My initial concern was that School B is going to be an unknown this year. You know, let's let it all shake down a bit and see how it turns out. Give it a year or two and then move him over to public. He brought it up again. I considered that he could probably use a little more structure academically. He cried. He cried. He said he didn't want to go to school where he'd be all alone (meaning, he wouldn't know anyone). And I realized that one of my best friends in the world, I met in 8th grade. When I was My Kid's age. These truly could be lifelong friends for him.

Then we went to the private school orientation on Sunday. And the decision was clenched.


Oh, that Kid is soooo going to School B.

You'd think for $5,000 a year they could serve them a fucking tray of spaghetti. For $5,000 a year, they oughta get lunch. And it ought to be hot, healthy and tasty.

So I drew up a contract.

We [the parents] agree to allow you [the student] to attend School B as long as the following conditions are met:
1. No drinking
2. No smoking
3. No drugs
4. No fighting
5. No cheating
6. No cutting school or skipping class
7. No unprotected sex
8. No phone/computer privileges until homework is done
9. Maintain a reasonable grade point average
If these rules are broken, you will lose the privilege of going to school with your friends, and we will take you out of public school and put you into private school.

He signed it. I signed it. The deed is done.

And Big Daddy is not crying over that $5,000 I just saved him.


Tuesday, April 03, 2007

My First Time

I was brought up in the extremely conservative - in more ways than one - Mormon faith. As very young children, we were taught to worship "Reverently, Quietly." [That was the name of a Primary song that taught us how to properly and respectfully worship the Lord.] So imagine my experience last weekend at an African-American Pentecostal service.

One of our clients is the Church Of God In Christ (COGIC) demonimation, which is headquartered here in Memphis and has about 6.5 million members worldwide. Last week, the leader of the COGIC church passed away. And let me just say that the man was a pillar of Godliness here in town, across the nation and around the world. Very much well-loved and well-respected and admired. So this was quite a loss for COGIC. I was kind of expecting a lot of weeping and wailing and gnashing of teeth.

I was not expecting dancing in the aisles.

When Mormons pray, they do so solemnly, with their heads bowed, their eyes closed and their arms folded. Prayers are always ended "in the name of Jesus Christ, Amen" to which the congregants respond with a quiet "Amen."

When Pentecostals pray, people in the congregation holler out to God. "Yesss, Lawd!" and "Thankyou, Jesus!" and "Praise God!" Yelling. And CLAPPING. They clap DURING the prayer if they like what the preacher is saying! Mormons never clap in church. For anything. Not even musical performances. Certainly not prayers.

The music is deafening. The choir was so large it spilled off the stage and into the first whole section of seating. Singing and clapping and praising Jesus. Gospel music at its finest. I wish someone had told me I could bring my own tambourine. I didn't know.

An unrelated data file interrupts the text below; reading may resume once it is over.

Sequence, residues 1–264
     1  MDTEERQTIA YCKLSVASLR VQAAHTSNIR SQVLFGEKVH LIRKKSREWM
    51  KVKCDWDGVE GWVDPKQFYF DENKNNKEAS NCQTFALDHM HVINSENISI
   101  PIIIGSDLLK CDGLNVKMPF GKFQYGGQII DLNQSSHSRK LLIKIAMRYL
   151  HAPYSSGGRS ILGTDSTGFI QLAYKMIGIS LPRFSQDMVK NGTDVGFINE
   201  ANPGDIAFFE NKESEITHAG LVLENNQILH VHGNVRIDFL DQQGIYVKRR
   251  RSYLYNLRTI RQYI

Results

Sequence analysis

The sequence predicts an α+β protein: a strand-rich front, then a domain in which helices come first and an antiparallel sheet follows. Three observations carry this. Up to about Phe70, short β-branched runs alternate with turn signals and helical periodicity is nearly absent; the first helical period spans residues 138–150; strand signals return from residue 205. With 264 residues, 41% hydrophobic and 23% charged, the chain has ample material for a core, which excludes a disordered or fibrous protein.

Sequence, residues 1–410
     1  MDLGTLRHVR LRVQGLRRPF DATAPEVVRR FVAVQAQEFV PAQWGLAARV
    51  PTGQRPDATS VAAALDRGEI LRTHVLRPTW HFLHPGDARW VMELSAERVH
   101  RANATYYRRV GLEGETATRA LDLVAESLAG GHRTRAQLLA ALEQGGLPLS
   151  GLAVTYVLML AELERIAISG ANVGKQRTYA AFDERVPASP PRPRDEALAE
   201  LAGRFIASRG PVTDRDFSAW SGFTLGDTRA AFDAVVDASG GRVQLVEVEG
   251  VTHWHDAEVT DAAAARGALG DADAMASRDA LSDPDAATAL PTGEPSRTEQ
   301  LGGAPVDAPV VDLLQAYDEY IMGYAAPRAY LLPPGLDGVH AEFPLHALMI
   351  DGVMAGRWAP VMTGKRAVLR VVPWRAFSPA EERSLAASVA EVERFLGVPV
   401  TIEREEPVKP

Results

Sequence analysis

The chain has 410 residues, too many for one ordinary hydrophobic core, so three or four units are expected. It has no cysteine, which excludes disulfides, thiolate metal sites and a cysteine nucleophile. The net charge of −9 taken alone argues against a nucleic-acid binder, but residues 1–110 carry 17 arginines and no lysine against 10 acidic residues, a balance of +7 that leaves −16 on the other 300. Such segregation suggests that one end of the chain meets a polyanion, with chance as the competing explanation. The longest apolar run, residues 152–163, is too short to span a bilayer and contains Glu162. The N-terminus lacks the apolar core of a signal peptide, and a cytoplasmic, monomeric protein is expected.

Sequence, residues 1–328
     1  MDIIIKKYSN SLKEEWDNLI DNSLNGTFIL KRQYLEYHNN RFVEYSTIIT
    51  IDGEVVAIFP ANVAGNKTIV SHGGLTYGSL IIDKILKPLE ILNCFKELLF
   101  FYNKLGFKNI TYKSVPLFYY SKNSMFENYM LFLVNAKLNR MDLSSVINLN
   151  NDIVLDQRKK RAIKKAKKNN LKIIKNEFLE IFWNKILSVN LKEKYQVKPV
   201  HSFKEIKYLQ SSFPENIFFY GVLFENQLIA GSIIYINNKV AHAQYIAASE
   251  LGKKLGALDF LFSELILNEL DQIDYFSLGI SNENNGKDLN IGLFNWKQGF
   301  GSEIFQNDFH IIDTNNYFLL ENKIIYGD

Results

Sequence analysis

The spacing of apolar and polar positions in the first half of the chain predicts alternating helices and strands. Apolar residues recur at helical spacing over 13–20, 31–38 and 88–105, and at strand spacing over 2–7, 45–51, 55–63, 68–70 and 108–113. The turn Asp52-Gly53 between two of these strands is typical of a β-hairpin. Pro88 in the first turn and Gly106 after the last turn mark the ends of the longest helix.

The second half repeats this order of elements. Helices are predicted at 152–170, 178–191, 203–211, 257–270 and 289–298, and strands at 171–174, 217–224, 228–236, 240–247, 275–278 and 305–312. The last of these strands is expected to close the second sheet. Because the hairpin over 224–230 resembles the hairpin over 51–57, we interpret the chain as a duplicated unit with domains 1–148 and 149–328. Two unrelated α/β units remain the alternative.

And the dancing. When the Holy Spirit moves you, you just can't sit still I guess. They go out into the aisles where they have more room. And they do this "stepping" kind of dance. And this was a funeral. I can only imagine how they must juke and jive on, say, Easter morning.

Saturday, March 24, 2007

So Sad.

It's madness, I say

Here's the thing that gets me every year when I'm watching the NCAA tournament: These kids are 20 years younger than me, which means I'm old enough to their mother. Seriously, which one of us looks middle-aged?

Friday, March 16, 2007

Stranded at the Drive-In

I was supposed to be on a flight to New York this afternoon, but it was cancelled, along with about 900 others. And I was kicked out of the crappy hotel I was staying in at the airport, because they were "overbooked," what with all the stranded travelers. Luckily, we are rewards members of one of the hotel chains, so I called them and said, "I'm a rewards club member, and I'm stuck in Ft. Lauderdale and I need a room because I am NOT sleeping at the airport" and they hooked me up.

I checked into my new hotel and watched "The Queen" in my room.

Afterward, I went down to the front desk and asked if there was somewhere I could go, some shops, restaurants, maybe I could walk around a bit? They told me there was a place across the street just beyond the McDonald's. I walked a mile to find that they sent me to a strip mall with stores like Home Depot, Office Max, Marshalls and something called BJ's which I don't even know what that is but you gotta love that someone would put those two letters on the front of a building.

My restaurant choices were Red Lobster, Dave & Buster's, TGIFridays or something called The Ale House. I went to D&B and actually had a pretty good salad. When I came out, it was getting dark and there were two police cars parked in front. Now, I don't mean to be assumptive; they might have been in there having a bite of supper for all I know. But the people coming in were looking pretty ghetto, so I called the hotel and told them to send their shuttle to pick me up b/c I think I may actually be staying in a pretty sketchy part of town. Actually, I think I'm in Hollywood rather than Ft. Lauderdale proper anymore. At least that's what the side of the police cars said.